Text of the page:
We've been running around like crazy, but this season's birthing has gone well and there's plenty of spring milk!
Maggie, our Red No. 13, and her ten-minute-old baby
Maggie was born the year Ryan joined the farm. Ryan was showing a party of schoolchildren into the barn just after her birth. One particular child wanted to know what we would call the kid. We don't name all the goats, but Ryan has a lot of flair with ladies, so he naturally named the goat after the child. So, Maggie, if you're reading this, your namesake is well and has just given birth to her first baby of 2010, a little girl. Maggie the goat and several other mothers follow Ryan, or bleat for his attention, just before giving birth. They want his company as they go into labor. Popular with all the ladies!
BabyGoatLand. Starter Shacks for the Discerning Baby
All the baby girls are housed in the starter shacks of BabyGoatLand, each group according to size and personality. There'll probably be sixteen or so groups by the end of April. We've had amazing help from friends, and we're making the spring cheeses of 2010, so do come and visit soon.
Valentine's Day saw the birth of our first baby goat of 2010. The babies are an irresistible mix of soft chocolate and mushroom browns, white and black, and a delight to watch snoozing on their straw or leggily staggering after one another. Perhaps a third of mothers need a little help with birthing, an extra hand to gently tug the babies out. We always have the liveliest older babies in Tony's Pen at weekends, so do come and admire them close up.
Like all other best-practice dairies, we separate the babies from their mothers shortly after birth, to make sure each kid is fed well. The mothers have between one and four babies, and will usually feed the strongest more than the rest. We bottle-feed each baby goat fresh, pasteurized goat milk, and formula enhanced with vitamins and minerals, for about six to eight weeks, until they're all at optimum weight.
We can't help but feel regretful at taking babies from mothers, but must follow veterinary guidelines for dairy herds, to ensure best possible health for every goat. This way, too, we limit the spread of complications that can show up in later life. For example, older goats may get arthritis as a result of infections received shortly after birth if left with their mother.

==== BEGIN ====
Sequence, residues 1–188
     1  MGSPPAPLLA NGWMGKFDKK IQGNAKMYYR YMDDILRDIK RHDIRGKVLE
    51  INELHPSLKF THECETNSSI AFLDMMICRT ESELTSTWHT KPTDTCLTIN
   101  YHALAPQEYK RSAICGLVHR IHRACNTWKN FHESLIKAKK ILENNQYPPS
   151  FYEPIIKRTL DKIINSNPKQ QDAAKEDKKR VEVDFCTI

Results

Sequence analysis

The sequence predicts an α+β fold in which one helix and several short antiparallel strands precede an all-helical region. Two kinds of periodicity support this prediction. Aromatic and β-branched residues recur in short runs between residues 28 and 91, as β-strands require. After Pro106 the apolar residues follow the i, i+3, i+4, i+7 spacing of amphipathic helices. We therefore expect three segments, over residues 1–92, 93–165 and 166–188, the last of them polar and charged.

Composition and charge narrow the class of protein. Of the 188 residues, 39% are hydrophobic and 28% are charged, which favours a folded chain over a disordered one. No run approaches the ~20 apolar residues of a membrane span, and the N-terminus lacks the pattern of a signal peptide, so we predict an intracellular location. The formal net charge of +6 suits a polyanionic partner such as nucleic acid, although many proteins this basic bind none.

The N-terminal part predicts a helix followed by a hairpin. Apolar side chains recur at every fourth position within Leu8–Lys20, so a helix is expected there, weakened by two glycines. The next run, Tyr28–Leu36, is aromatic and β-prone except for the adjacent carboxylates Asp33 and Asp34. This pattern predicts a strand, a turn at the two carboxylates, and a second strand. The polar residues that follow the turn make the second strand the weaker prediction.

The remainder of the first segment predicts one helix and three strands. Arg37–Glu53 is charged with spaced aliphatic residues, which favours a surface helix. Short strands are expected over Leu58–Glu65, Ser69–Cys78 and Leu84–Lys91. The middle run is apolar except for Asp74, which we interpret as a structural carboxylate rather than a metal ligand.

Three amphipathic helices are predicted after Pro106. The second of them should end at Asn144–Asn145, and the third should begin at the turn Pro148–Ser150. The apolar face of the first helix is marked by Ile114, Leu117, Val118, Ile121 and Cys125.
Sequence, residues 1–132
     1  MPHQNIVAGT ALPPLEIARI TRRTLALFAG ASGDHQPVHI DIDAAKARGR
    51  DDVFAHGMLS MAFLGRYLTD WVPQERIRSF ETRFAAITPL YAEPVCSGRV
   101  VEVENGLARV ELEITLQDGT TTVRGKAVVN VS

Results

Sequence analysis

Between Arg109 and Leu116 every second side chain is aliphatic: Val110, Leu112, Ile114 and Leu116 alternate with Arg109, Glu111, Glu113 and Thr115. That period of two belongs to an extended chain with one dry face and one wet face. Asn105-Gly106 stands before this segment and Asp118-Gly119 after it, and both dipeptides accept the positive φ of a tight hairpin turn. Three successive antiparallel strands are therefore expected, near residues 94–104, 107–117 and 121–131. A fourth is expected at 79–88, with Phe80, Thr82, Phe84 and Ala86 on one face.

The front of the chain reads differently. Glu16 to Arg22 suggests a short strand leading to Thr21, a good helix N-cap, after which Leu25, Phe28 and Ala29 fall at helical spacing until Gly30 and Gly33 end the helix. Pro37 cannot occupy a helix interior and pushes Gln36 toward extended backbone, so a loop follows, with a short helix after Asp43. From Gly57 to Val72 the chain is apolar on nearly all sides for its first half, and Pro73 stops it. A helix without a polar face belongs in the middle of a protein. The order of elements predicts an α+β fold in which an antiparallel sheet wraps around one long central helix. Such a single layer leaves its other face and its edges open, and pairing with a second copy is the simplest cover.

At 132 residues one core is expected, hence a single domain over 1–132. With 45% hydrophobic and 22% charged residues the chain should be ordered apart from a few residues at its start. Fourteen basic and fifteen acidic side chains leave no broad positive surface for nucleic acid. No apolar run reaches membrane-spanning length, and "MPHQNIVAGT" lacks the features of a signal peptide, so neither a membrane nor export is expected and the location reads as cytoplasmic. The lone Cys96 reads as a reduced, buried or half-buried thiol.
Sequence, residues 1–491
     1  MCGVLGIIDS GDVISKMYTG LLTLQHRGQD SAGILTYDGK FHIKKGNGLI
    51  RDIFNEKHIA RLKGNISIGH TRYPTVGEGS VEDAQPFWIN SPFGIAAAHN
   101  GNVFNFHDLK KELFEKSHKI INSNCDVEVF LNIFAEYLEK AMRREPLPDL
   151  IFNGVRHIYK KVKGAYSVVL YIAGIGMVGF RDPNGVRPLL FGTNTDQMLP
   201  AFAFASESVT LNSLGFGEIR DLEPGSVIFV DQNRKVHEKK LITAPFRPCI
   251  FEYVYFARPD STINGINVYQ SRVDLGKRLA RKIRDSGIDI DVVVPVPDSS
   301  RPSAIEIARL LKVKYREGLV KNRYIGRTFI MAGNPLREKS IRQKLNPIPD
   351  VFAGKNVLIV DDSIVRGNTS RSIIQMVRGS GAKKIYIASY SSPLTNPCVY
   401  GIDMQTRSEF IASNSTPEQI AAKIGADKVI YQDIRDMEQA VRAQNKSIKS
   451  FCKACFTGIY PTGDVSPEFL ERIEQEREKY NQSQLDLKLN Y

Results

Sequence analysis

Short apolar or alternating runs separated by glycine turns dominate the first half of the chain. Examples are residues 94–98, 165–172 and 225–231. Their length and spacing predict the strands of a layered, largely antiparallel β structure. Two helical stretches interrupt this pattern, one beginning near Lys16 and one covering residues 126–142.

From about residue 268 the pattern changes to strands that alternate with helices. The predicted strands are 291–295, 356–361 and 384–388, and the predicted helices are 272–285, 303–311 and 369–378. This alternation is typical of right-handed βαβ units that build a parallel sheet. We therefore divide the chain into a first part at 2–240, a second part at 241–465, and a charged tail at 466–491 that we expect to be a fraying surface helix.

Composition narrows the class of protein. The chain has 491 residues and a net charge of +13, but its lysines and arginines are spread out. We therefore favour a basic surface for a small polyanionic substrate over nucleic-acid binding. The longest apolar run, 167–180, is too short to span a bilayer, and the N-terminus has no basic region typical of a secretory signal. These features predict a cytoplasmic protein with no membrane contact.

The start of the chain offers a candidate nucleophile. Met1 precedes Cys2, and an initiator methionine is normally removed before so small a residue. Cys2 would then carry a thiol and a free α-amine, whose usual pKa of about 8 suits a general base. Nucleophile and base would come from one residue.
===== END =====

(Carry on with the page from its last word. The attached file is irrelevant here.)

At two weeks of age, we vaccinate, dehorn and tattoo the babies with their identifying code. We use the American Dairy Goat Association code, to let us know the kid's mother and father. The babies will live in "Baby Goatland", separated by similar age and size into little fenced groups of six to seven goats. The larger, more dominant babies won't bully the weaker ones, this way, producing a more successfully social herd.
Since we're expecting more than 200 babies, this is a lot of work! We have a cot in the barn, and some sleepless nights ahead.
"We have... stories about Bart... during our commuting time"
"He will be remembered forever in that painting... about him conducting the farm"
Thank you to everybody who wrote or came to our memorial for Bart, our iconic llama, who died in the first week of January aged about 28 years. We name only a few animals. We are farmers, not pet owners. Animals are born and animals die every year on the farm. Bart was nonetheless a legend for our family and countless visitors, with his evident pleasure in guarding the baby goats, his occasional close-up-and-personal inspection of somebody with scented shampoo, and his unforgettable teeth!
Friends brought photographs and laughed at our slideshow of Bart moments. We were gently serenaded by Mike McCall and soothed into reflection with the debut performance of the Harley Farmonica Band. Our magnificent cook produced lunch (and thank you to those who brought dishes with them). We scattered grass seed over the Heart of Bart, his resting place in the pasture overseeing the babies. Goodbyes are an opportunity for happy memories, for gentle thought outside the rush of life.
Happy New Year! We've had a busy two weeks planting garlic for the 2010 farm dinners, and spring cleaning the shop and hayloft. We oiled the tables and floor (a thank you to Ryan's friend Adam!) and repainted the walls and stairs. The chicken tractors are out of the pastures , sheltering near the chicken coop, so that newly seeded grass can mature without our muddy footsteps. And we're planning irrigation in the south field, which involves an exciting tunnel under the road.